The decision to stage the pay rise has infuriated officers
The Police Federation has offered what it calls an "olive branch" to the home secretary in the bitter row over pay.
The federation had called for Jacqui Smith to resign over her decision not to backdate a 2.5% pay rise for police in England, Wales and Northern Ireland.
But in a letter, its chairman Jan Berry now says she believes Ms Smith was badly advised, although she urges her once again to reconsider her decision.
Ministers say the award is appropriate and is in line with inflation targets.
'Angry and disappointed'
The decision not to backdate to September the 2.5% pay rise agreed at arbitration has outraged police officers.
Officers say this amounts in real terms - taking into account inflation - to an increase of 1.9%.
It has prompted the Police Federation to say it will ballot members in 2008 on whether they want the right to strike.
Police officers across the UK are currently banned from taking industrial action.
In her open letter to the home secretary, Mrs Berry, who chairs the Police Federation of England and Wales, warned that officers remained "angry and bitterly disappointed" at the pay settlement.
But she said she believed Ms Smith had been the victim of ill-informed and naive counsel in her early weeks in office and that it was not too late to reconsider the pay decision.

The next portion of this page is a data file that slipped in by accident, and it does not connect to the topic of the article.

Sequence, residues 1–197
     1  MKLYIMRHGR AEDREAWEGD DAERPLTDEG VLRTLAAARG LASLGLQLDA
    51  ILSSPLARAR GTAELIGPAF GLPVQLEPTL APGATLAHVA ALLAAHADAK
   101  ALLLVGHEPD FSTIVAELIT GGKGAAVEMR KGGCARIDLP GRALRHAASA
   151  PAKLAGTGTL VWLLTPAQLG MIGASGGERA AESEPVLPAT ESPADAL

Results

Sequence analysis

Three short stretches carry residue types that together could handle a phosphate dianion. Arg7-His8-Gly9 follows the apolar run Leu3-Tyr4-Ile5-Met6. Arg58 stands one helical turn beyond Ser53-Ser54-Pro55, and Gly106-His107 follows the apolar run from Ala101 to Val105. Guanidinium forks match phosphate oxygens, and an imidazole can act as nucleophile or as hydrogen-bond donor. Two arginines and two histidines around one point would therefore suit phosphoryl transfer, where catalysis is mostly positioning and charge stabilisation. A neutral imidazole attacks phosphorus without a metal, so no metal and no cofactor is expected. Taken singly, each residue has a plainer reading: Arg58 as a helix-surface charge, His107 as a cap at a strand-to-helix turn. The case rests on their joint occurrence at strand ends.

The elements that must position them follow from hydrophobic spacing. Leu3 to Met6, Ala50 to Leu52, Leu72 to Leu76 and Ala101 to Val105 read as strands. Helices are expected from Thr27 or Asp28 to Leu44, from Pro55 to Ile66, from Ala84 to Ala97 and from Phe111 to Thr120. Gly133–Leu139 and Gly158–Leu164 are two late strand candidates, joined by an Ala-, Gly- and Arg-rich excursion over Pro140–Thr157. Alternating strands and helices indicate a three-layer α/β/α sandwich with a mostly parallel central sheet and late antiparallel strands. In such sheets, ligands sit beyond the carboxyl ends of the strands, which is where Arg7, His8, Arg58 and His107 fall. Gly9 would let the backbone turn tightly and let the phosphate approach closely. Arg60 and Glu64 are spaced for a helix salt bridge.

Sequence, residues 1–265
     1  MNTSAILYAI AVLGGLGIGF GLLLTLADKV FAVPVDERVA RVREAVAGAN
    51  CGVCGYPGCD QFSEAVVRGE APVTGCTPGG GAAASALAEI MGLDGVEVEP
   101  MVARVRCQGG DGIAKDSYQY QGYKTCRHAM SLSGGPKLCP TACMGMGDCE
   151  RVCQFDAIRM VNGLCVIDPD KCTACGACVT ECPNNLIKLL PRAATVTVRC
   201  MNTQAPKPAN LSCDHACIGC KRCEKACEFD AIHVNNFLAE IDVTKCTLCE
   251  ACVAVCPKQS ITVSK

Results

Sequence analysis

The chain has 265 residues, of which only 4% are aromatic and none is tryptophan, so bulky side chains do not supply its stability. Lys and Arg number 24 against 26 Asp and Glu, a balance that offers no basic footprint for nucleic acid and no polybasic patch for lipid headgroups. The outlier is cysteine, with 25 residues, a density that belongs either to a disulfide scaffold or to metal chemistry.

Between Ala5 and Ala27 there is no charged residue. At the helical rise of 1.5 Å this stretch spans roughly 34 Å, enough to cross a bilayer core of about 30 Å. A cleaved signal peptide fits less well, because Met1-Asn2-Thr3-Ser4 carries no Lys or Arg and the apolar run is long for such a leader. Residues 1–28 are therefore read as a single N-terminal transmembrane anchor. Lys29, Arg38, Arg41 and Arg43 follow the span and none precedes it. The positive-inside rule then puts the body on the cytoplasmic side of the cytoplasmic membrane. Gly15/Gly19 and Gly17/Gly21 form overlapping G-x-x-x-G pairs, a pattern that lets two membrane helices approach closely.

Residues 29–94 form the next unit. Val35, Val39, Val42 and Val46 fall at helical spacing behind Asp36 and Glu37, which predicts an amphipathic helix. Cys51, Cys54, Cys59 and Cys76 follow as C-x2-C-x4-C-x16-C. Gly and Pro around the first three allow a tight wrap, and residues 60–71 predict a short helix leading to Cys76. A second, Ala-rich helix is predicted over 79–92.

"I want to take this opportunity to offer an olive branch," she wrote.
"It's not too late to change course and stop this situation escalating."
Mrs Berry added: "You know the mood of police officers, the public and many of your political colleagues. I can assure you, we have no intention of letting this go.
"I would ask you therefore to urgently reconsider the decision. Do the right thing for policing, for police officers and for the good of the country."
Mrs Berry said such a move would "restore honour" in the office of home secretary and rebuild trust with officers.
The police's 2.5% pay deal was decided through the independent Police Arbitration Tribunal.
Mrs Berry wants to rebuild trust between ministers and officers
But while officers in Scotland are having their 2.5% pay rise backdated to 1 September, as the tribunal recommended, those in other areas of the UK received the rise this month.
Ms Smith's stance has been attacked by several police leaders, including Metropolitan Police commissioner Sir Ian Blair, who said she had made a "mistake" in refusing to meet police pay demands, although he did not believe she should resign.
The Home Office said Ms Smith would meet Mrs Berry in January to continue talks and try to find a "constructive way forward".
"The police pay award is higher than the original government offer and is now in police pay packets in full," a spokeswoman said.
"However, staging the award from December ensures that it is fair to both police officers and to other public sector workers, and is right for the future of our economy."
Keith Vaz, Labour chairman of the Commons home affairs select committee, welcomed Mrs Berry's letter and urged Ms Smith to engage in talks with officers.
"We need a New Year's resolution from the home secretary to end the bitterness and move on," he added.